September 14

Healthy, Wealthy, and Wise: Living Ethically in the Light of the Bible

Introduction
Reading schedule

Luke 22:14-22; Hebrews 7:26-8:6; Proverbs 23:12-35; Isaiah 42

Proverbs 23:13-14 has been used by some to dismiss the Bible’s ethics as outdated if not barbaric. Some claim it promotes beating children regularly to ensure they do what they are told. The claim is that so long as parents don’t actually kill their children, they can inflict severe bodily punishments in order to save their souls. Tragically, it has to be admitted, that some parents have taken this advice to the extreme. Whether they were motivated by biblical teaching or their own anger and rage could be debated. What is clear, however, is that such an interpretation goes against the intent of this passage.

The context for these proverbs is a series of instructions from a father to his son (Proverbs 23:12-28). One word found throughout this section is ‘heart’, occurring six times in these verses. The rod of discipline thus falls within the context of winning the son’s heart, mind and soul, not just getting compliance or fearful obedience. More broadly, throughout Proverbs, the goal is instruction in wisdom and character formation. The son is called to accept his father’s and mother’s instruction (1:8), to listen, develop understanding, seek after discernment, know the Lord, and find knowledge pleasant to his soul (2:1-11).

Within the context of loving instruction, the rod is given a role. This is a sturdy stick that is meant to cause pain. We cannot escape the idea that the Bible endorses using physical discipline. It may seem paradoxical to us, but the rod is to be used because of the parents’ love for their children (13:24). The idea is that sometimes it take a physical sting to jolt the child’s attention to his error. Current psychological research is bearing out the importance of teaching children their limits. Studies have found that children develop psychological problems both when their parents fail to love them and when they try to always give them what the children want. As the Bible teaches, balance is needed.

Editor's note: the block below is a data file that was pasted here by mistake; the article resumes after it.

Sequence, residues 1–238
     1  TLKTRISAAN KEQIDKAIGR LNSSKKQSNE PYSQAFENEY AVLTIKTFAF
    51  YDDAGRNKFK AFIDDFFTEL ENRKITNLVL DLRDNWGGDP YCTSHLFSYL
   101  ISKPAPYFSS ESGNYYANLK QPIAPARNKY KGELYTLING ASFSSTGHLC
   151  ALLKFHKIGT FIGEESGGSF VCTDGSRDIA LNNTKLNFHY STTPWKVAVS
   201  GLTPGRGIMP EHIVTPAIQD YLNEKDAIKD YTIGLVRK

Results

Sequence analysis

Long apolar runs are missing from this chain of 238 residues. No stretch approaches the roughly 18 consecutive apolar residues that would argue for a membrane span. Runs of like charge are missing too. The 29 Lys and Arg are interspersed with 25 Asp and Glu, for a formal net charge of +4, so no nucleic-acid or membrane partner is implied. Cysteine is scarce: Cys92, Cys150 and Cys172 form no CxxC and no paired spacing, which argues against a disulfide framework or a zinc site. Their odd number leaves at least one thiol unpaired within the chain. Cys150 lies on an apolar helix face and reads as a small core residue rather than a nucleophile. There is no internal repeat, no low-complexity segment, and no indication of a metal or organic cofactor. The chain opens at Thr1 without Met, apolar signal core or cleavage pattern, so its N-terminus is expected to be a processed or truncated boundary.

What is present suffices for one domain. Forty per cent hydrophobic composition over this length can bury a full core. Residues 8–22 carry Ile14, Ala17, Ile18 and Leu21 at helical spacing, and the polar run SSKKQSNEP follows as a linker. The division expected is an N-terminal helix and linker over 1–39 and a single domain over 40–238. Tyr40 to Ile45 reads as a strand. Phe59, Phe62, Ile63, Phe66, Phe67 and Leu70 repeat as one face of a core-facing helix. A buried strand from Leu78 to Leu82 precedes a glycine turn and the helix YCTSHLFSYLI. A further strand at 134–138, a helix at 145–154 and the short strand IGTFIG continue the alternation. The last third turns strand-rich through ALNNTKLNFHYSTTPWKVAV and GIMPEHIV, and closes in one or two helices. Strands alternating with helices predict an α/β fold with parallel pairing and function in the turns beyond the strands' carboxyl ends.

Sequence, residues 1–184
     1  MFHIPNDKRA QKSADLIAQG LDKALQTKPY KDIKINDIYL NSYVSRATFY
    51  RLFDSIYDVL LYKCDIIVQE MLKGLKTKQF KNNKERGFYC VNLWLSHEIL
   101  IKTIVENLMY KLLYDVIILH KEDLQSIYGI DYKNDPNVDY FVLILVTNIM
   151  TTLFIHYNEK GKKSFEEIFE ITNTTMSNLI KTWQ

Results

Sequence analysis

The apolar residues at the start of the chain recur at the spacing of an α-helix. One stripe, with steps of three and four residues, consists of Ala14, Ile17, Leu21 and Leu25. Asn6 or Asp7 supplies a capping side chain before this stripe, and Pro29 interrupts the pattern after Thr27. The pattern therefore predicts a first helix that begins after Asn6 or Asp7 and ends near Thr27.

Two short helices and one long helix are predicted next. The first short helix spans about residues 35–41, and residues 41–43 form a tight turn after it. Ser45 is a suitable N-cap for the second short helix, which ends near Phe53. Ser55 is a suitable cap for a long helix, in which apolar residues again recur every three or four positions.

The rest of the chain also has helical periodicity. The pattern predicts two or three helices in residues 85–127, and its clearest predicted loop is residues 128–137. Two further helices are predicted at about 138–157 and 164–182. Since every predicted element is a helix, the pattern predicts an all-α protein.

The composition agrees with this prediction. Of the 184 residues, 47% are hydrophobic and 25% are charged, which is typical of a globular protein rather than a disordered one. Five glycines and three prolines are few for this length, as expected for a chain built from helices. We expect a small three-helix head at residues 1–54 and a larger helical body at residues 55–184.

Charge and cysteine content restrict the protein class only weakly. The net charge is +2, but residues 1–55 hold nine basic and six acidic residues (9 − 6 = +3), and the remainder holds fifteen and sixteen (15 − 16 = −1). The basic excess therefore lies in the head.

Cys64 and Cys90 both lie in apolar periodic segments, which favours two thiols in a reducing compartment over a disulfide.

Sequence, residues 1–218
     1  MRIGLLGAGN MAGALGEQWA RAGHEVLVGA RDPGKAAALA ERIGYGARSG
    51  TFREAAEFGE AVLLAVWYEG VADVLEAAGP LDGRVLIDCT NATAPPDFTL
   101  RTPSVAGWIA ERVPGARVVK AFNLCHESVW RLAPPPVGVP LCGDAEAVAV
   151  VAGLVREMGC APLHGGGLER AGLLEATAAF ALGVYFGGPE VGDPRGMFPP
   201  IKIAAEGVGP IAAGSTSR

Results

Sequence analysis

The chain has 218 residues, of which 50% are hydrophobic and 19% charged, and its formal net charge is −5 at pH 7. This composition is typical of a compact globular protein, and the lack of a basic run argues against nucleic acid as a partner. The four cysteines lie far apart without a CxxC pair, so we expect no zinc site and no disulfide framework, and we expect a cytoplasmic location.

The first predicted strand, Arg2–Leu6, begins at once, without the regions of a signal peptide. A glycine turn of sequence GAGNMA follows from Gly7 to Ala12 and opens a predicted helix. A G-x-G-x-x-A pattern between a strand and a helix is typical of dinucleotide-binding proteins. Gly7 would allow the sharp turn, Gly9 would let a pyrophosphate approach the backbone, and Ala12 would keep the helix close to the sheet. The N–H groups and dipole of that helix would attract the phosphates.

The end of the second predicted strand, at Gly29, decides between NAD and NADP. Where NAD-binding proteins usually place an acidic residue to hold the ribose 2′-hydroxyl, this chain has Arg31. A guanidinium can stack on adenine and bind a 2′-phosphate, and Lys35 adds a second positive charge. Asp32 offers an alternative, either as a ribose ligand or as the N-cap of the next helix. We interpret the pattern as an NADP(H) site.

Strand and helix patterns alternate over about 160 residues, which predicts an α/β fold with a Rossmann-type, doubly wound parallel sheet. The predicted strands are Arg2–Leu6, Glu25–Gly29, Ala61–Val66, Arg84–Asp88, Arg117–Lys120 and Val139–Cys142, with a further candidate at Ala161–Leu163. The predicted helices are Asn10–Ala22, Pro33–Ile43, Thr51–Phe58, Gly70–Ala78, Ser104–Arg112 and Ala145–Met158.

The rod has its place, primarily to deal with folly in the child (22:15). The Hebrew term used here involves wilfulness stubbornness. Contrary to some ideas put forward today, children are not born good, but have folly in their hearts. The pain of life removes some of these faults, but parental discipline also has an important role (29;15, 17). This does not mean the rod should be dished out daily. As Charles Bridges’ nineteenth century commentary on Proverbs notes, the rod is best used like a medicine, given occasionally for a specific problem. If used frequently like food, it loses its effectiveness as medicine.

To punish in love means it must be done under control, for the child’s good, and not in anger or retaliation. However, the rod is not the primary means of discipline. Far fewer proverbs mention the rod compared to those encouraging instruction. The predominant emphasis is on teaching, talking, encouraging and leading by example. The primary force behind parenting is not the rod, but the Lord. The goal is to lead the child to a relationship with the Lord and to deepening knowledge of God (2:5). Yet along the way, certain types of foolishness require physical pain to get one’s attention. Folly is not a lack of knowledge or wisdom, but self-sufficiency arising from pride and arrogance. It holds wisdom in contempt and leads to moral corruption.

This returns to the principle addressed in today’s proverbs. As parents, we want nothing more than to protect our children from pain and hurt. Yet by refusing to discipline them, and never wanting to cause pain (whether physical or by denying them something) we may contribute to their death (19:18; 23:14). This may even be literal, as today’s proverbs list the painful consequences of foolish lives characterised by selfishness, drunkenness, infidelity, or violence. How tragic, but realistic, to imagine the world beating on someone who doesn’t feel it because all he wants is another drink (23:15). The pain of discipline administered by loving parents is potentially redemptive and ultimately less severe than the self-inflicted pain of folly.

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